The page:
Protecting Assets while Qualifying for Government Benefits

by David Goldfarb

As you age, you may require an increasing amount of medical care—including home health care or a move to a skilled nursing facility or another type of long-term care facility. Such care can cost a lot of money, so seniors understandably want to qualify for as many government benefits as possible.

To be eligible for ( Medicaid and other government benefits, you must demonstrate that you are indigent and do not have the means to pay for the care yourself. However, another important goal for many seniors preserving some assets for their later years or passing on assets and property in their estates to needy beneficiaries. If you own assets, however, covering your medical care can quickly deplete them without government assistance. This is a common and complicated situation for many seniors in New York today.

In addition, if you have a child or another beneficiary with special needs to whom you plan to leave assets, such assets may disqualify them from receiving the government benefits they need to cover their care. Fortunately, you can protect your assets while also qualifying for government benefits for either yourself or a beneficiary with special needs. This is not a simple task, however, and you need the advice and assistance of a lawyer who is familiar with this type of future planning strategy.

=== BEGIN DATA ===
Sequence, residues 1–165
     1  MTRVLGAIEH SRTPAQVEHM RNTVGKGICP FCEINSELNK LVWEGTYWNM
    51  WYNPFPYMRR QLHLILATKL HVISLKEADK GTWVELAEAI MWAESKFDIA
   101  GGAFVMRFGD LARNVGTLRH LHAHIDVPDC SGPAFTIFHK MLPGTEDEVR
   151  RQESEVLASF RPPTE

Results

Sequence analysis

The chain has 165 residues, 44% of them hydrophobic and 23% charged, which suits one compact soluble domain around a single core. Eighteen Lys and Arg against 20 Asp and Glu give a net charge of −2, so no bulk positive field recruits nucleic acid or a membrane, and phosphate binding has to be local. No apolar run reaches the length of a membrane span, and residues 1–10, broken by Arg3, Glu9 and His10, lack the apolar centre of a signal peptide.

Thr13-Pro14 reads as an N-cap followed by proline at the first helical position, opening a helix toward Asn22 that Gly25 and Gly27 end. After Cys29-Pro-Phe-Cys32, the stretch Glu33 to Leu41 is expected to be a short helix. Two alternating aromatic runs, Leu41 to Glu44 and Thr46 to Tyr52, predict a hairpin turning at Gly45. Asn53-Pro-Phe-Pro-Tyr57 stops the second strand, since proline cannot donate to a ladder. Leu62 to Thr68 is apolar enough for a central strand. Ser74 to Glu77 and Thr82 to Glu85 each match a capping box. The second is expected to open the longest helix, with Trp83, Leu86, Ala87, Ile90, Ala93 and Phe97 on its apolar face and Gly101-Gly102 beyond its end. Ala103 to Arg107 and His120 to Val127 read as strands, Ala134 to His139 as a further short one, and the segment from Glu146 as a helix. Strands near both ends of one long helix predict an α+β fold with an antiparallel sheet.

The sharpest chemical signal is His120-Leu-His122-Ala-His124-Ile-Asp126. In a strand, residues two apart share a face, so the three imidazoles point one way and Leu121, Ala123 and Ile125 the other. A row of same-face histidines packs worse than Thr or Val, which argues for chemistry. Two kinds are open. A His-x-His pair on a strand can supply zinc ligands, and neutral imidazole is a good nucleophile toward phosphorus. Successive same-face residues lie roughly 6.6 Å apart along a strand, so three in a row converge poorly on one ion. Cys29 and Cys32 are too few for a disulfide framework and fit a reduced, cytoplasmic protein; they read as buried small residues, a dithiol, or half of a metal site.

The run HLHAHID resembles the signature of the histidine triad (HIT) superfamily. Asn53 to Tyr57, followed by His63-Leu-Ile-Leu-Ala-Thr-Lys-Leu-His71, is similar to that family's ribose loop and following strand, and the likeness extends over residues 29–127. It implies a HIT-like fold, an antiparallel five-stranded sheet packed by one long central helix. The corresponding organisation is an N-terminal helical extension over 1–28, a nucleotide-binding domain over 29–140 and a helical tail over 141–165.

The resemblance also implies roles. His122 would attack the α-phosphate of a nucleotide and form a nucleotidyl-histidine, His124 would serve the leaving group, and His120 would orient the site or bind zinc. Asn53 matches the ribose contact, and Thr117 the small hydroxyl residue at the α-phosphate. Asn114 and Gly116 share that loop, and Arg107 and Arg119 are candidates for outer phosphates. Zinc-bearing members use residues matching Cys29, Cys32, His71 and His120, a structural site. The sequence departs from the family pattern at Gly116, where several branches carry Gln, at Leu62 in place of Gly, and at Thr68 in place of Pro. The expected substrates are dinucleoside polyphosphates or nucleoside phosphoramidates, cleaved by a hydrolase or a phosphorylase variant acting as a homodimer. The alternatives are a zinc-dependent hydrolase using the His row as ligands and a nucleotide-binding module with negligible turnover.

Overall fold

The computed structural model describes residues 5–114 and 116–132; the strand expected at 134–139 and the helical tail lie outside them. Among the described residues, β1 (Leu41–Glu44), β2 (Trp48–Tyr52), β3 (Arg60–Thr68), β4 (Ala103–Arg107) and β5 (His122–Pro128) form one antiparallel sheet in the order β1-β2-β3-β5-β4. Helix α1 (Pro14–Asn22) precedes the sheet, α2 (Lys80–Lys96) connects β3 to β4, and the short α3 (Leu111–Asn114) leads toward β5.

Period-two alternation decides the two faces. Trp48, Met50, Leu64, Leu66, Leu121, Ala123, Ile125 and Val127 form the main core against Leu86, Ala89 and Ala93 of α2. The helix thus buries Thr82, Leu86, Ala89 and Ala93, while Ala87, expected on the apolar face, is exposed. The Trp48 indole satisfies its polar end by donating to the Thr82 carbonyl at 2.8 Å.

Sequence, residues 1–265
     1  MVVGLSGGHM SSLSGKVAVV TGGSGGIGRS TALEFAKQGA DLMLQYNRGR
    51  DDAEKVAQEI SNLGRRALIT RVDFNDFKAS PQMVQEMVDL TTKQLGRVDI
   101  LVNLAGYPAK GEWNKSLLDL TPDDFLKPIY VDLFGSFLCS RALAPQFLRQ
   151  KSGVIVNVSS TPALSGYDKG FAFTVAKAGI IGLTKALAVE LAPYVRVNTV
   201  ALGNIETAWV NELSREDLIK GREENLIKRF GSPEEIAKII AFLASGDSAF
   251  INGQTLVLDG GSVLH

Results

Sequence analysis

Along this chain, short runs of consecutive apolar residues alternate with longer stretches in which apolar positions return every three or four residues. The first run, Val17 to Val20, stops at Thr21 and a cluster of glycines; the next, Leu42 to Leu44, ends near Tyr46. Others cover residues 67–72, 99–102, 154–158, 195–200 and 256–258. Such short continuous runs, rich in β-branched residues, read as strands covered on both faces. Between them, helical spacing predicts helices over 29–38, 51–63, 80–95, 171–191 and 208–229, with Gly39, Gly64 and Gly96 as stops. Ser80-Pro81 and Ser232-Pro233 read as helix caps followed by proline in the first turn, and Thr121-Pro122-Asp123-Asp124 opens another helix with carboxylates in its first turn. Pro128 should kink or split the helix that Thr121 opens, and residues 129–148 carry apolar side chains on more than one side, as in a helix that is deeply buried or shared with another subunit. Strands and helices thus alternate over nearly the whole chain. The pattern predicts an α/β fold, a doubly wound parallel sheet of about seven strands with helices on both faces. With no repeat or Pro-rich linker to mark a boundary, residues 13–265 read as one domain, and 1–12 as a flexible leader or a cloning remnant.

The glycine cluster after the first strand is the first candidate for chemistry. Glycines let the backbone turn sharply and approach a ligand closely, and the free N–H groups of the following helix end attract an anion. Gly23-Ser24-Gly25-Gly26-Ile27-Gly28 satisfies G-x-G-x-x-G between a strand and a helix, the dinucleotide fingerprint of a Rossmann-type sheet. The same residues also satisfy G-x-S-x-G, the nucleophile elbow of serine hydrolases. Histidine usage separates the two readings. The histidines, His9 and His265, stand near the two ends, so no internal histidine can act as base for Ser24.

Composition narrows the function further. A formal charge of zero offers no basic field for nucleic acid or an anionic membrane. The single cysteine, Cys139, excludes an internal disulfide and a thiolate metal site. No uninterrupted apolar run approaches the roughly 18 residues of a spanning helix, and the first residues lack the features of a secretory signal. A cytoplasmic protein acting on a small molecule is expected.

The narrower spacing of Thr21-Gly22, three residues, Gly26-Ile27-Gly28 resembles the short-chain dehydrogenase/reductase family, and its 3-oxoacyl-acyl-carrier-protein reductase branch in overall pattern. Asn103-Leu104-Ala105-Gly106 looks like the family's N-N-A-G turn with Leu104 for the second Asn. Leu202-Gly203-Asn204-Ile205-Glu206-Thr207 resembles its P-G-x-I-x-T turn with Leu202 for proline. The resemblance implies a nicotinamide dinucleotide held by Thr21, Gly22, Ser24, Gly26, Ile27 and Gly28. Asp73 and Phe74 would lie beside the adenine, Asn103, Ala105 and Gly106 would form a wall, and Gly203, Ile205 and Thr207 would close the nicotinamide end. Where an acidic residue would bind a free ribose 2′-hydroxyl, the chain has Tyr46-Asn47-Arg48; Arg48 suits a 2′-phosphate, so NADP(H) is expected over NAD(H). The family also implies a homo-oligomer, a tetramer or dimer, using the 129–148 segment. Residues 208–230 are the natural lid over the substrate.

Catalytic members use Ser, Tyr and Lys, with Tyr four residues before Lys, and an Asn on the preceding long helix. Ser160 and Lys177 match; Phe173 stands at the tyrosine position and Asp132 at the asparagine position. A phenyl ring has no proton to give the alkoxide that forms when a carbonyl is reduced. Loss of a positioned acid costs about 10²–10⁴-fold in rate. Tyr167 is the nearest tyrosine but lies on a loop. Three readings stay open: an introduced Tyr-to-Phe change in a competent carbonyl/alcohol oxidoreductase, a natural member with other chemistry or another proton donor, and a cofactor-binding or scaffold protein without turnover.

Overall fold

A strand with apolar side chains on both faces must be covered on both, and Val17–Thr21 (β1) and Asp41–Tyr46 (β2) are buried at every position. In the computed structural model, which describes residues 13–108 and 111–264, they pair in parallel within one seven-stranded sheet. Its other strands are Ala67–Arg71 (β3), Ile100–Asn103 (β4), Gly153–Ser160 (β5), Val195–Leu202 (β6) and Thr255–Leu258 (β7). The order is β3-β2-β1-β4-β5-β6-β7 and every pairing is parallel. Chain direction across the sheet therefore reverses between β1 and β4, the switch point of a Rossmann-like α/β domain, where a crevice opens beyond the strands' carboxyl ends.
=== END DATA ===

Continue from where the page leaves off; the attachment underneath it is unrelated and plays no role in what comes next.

Tools for Asset Protection

The best specific strategy to use to protect your assets will depend on the specifics of your situation. Considered many factors, including how far in advance you are planning, the age of the person needing care and benefits, and much more. You may need to use one or more methods of asset protection—and an experienced estate planning attorney can design the best strategy for you.

Tools you may use to achieve this particular goal include:

  • Gifting assets to family members
  • Annuity purchases
  • Certain long-term care insurance policies
  • Third party trusts, such as a supplemental needs trust
  • First party trusts, including a special needs trust or a pooled trust.

Each of these has certain limitations when it comes to ensuring Medicaid or Medicare eligibility. For example, any gifts made within five years of applying for Medicaid nursing home services may penalize your application and benefit eligibility. In addition, first party supplemental needs trusts are generally only available for disabled individuals younger than 65. After that age, you would need to explore a different type of trust to protect your assets.

A New York Medicaid Planning Law Firm Can Assist You

At Goldfarb Abrandt & Salzman LLP, our planning lawyers can evaluate your situation in relation to the income, asset, and equity restrictions for eligibility for government benefits. We can devise a strategy to protect your assets and ensure you receive the care you need without depleting your estate. Asset protection is only one of many estate and special needs planning services we provide. If you want to further discuss how we can help you, call our office at (212) 387-8400 or contact us online today.